This business relationship between growers and seed producers is what makes Proposition 37 so threatening to large GMO seed producers. Monsanto, the leading producer of genetically engineered seeds is the largest opponent to Proposition 37. Monsanto has given $7,100,500 to oppose Proposition 37, according to a California Secretary of the State report issued in October. DuPont, another producer of genetically modified seeds, comes in second with $4,900,000 followed along with some familiar brands such as PepsiCo ($1,716,300), Nestle ($1,169,400) and Coca-Cola ($1,164,400).

And when you have a state like California – the world’s fifth-largest supplier of food and agricultural commodities – the stakes are high for those corporations. Corporations like Monsanto know that Proposition 37 will influence the foods we, as consumers, purchase and that will have an influence on the seeds that growers will purchase.

“Farmers are not afraid of the labeling,” said Pearls. “The pesticide industry is. They are the ones that hold patents on GE [Genetically Engineered] seeds and are the ones opposing the proposition. Farmers want labeling because it helps them understand what consumers want. They are smart, and want to deliver what the market wants.”

Thinking about Proposition 37 as something that will benefit the consumer is a good way of viewing it. It’s enough to win my vote, anyway. But if passed, it could also start a ripple effect that will benefit the long-term health of farm workers. And by thinking about Proposition 37 in this way, we can begin to reframe the food justice movement as a movement inclusive of farm workers, and vice versa.

Jesús E. Valenzuela Félix is a reporter from Coachella living in Salinas and working for the United Farm Workers Foundation. His blog, “The Diary of Joaquín Magón” can be read at Coachella Unincorporated, a community media outlet serving the eastern Coachella Valley.

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User Comments

Niu/Dong on Nov 06, 2012 at 12:04:04 said:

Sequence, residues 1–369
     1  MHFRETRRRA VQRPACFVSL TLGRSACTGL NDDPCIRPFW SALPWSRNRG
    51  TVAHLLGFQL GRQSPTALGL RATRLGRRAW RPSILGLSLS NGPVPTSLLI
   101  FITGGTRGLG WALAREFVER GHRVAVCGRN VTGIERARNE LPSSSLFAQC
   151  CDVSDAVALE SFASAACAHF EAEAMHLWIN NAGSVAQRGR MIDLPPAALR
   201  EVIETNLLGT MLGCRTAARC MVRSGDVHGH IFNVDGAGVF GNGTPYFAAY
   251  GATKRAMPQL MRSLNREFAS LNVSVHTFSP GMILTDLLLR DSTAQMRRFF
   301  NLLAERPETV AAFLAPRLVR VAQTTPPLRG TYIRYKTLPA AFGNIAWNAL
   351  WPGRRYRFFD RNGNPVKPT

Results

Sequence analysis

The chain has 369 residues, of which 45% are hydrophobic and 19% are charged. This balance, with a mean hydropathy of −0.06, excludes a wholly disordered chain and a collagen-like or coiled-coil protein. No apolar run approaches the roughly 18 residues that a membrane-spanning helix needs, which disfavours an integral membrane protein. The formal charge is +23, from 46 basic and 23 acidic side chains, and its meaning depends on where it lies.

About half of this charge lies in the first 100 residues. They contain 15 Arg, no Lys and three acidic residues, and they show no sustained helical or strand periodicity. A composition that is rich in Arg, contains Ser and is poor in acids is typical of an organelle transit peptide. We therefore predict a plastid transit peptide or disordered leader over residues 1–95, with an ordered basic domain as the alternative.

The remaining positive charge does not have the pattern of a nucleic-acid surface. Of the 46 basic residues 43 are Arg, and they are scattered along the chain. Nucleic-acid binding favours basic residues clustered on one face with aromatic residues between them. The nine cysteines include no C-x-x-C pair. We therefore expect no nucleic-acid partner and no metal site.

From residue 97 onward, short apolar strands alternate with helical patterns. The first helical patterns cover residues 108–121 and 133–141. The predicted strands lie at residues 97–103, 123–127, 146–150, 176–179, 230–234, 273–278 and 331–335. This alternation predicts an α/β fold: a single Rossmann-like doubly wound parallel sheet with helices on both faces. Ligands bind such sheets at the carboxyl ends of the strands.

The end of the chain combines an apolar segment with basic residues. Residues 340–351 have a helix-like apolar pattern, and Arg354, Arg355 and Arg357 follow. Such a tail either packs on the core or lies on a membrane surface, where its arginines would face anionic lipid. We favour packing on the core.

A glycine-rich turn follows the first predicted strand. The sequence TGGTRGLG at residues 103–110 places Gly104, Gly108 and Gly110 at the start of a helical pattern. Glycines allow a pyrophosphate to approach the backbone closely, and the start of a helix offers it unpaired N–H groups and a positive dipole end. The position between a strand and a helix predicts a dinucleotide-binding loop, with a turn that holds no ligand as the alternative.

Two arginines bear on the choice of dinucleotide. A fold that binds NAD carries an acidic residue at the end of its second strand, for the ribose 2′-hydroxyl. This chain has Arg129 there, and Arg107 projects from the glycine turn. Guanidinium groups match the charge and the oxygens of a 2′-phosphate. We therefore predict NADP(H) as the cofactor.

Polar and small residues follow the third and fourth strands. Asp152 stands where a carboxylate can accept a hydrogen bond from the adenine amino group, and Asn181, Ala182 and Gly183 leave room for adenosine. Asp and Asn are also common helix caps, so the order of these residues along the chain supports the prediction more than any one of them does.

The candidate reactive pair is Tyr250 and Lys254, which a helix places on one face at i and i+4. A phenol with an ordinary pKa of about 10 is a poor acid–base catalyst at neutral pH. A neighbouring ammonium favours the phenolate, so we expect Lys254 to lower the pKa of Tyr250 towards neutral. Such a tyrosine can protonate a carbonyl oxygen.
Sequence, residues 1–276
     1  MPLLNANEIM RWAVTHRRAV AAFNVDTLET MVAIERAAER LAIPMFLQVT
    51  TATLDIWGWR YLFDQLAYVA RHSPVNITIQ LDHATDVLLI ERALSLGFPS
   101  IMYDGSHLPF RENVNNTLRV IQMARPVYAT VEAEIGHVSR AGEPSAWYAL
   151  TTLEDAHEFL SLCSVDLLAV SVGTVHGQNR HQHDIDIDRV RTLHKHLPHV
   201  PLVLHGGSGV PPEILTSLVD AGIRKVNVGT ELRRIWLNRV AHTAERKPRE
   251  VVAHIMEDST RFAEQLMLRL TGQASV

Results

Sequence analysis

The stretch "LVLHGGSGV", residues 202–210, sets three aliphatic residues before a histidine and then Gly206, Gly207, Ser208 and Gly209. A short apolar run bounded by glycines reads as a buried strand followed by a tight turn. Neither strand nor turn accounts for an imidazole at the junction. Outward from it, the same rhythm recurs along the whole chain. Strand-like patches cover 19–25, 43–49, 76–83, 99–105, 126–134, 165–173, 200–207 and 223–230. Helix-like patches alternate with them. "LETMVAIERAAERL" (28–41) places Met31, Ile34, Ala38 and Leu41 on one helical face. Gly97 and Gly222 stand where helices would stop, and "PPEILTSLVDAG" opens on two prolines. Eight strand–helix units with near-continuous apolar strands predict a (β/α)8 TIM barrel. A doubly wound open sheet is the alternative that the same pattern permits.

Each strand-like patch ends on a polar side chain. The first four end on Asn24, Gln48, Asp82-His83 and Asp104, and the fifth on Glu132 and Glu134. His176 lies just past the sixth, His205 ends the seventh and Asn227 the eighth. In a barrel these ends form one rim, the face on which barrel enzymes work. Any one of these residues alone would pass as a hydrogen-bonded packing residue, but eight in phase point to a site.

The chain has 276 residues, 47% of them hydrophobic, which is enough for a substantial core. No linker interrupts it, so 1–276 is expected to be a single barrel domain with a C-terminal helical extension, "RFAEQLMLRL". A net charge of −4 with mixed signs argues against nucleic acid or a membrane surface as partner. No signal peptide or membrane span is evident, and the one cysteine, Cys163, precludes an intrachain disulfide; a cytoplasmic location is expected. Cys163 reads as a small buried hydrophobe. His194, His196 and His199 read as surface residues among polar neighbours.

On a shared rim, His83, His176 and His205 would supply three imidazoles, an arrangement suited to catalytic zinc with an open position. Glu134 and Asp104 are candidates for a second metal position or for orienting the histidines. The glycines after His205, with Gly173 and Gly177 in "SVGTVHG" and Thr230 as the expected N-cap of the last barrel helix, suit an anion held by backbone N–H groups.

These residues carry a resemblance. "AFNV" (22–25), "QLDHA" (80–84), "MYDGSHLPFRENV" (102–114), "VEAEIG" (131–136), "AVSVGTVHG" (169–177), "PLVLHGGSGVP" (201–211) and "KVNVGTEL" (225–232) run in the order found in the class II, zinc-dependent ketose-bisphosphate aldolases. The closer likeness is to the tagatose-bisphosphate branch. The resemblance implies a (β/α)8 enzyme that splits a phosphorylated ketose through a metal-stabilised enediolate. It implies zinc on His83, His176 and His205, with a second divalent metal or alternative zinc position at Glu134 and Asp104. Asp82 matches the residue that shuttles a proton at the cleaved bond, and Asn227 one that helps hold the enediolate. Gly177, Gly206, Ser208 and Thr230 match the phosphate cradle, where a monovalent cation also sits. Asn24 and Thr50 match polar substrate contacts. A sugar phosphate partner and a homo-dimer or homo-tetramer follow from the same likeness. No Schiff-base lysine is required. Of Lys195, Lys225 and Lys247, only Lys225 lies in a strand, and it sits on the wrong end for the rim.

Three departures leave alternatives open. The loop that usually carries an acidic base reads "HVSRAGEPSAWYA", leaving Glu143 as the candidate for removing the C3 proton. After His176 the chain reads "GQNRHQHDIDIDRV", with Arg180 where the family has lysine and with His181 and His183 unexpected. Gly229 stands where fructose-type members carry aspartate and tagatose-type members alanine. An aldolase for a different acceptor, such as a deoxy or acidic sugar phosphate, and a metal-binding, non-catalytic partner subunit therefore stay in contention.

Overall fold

Can Dana Pearls show the data that GMO crop used more pesticides than non-GMO?

Doob on Nov 06, 2012 at 11:55:08 said:

For detailed, non-partisan, analysis of prop 37 including links to source materials check out It has the most thorough analysis I've found. The rest of their prop analysis is very good as well:

Louise Cayard on Nov 05, 2012 at 22:54:26 said:

Dear Jess E. Valenzuela Flix, I have been thinking about the health and welfare of farm workers ever since I became aware of the dangers of GMO's and the increased requirement of pesticides.

just last year there was a full 20% increase in pesticide use. Even though the initative is a simple label, I am hopeful it will create a tipping point with consumers to avoid GMO products and the increased pesticides which will certainly benefit the farmers and farm workers as well as us consumers.

I would encourage everyone to research what is happening to our food. It is criminal what companies like Monsanto are unknowingly doing to us.

I just became aware of GMO's only 6 months ago and have become a volunteer with and have been working for over 4 months now full-time to try to help educate the public. PAN (Pesticide Action Network) is a wonderful organization and their website has tons of valuable information as well as the Institute for Responsible Technology.

They have been lying to us and hiding the truth from us for over 16 years. Tuesday, November 6, 2012 is our opportunity to stand up for our right to choose safe food! Vote Yes on Prop. 37!

Keep up the good work JEVF!

1forthetruth on Nov 05, 2012 at 06:48:20 said:

Bob Vu;
I agree that organic prices won't instantly drop, however your other points are ignoring what Prop 37 is.

Prop 37 is not banning GMOs, it's doing exactly what you are advocating, it is giving the average person enough information to make a choice, to buy GMOs or not, it is therefore by "the effort of each individual" that this world will be rid of GMOs, if that is to happen at all.